29th January – Leaving Sonzapote today for the border with Nicaragua at Penas Blancas, only 15 – 20km away. Our guide book tells us ‘it is a very busy crossing with hordes of touts who will offer to guide you through the channels and charge whatever they like’. And the locals here warn us of ‘being careful’ through Nicaragua……..we will see.
Costa Rica has been a vey interesting country to visit with friendly and helpful people as always. We have loved the wildlife and found some great places to camp but overlanders all seem to agree that it is not the cheapest of countries to visit and it has many visitors. Guides are often necessary and not all the parks have easy access. For example, most people arrive at Costa Rica’s famous Parque Nacional Corcovado by plane. To drive there from Puerto Jiminez is unfortunately not possible, the closest point of access being Carate where it would be necessary to find somewhere safe to leave your vehicle and then have a long hike west along the beach before reaching La Leona station. With temperatures in the high 30s we decided to miss on this trek and have fortunately been very lucky in seeing lots of wildlife in other parts of this country. Beautiful Santa Rosa Nacional Parque will charge you an entrance fee for every day that you are there, even though you don’t leave the park, so for a family of 4 camping, it would cost them almost 100US$ for just 2 nights….expensive. This was introduced we were told, because they could not keep tags on surfers who would disappear to camp along the beaches for maybe a week or more, after paying just one entrance fee.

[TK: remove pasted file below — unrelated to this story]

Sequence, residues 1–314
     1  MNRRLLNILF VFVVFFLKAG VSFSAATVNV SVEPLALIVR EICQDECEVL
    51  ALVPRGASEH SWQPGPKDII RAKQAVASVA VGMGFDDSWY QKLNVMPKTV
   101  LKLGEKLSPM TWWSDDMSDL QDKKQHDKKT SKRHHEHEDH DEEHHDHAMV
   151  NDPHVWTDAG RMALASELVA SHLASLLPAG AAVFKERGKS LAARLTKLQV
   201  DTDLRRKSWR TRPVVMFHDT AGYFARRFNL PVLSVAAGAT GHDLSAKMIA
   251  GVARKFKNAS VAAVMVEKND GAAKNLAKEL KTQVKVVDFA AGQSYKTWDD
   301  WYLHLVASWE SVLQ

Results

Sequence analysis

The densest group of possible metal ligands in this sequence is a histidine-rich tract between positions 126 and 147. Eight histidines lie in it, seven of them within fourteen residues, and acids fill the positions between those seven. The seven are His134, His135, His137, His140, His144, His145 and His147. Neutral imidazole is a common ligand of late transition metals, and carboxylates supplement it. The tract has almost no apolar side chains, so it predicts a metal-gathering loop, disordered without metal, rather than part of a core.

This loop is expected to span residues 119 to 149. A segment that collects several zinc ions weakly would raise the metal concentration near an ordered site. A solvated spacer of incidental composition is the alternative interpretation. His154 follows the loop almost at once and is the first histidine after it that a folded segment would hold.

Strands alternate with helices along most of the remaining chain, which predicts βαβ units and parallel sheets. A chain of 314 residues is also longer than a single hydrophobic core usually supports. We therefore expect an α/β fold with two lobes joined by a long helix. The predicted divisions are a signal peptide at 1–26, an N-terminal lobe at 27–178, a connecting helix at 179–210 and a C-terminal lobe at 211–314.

And so we look forward to exploring Nicaragua….we have heard many positive reports from other travellers that it is a surprisingly easy country to travel around and that the Nicaraguan people themselves, are the country’s chief asset!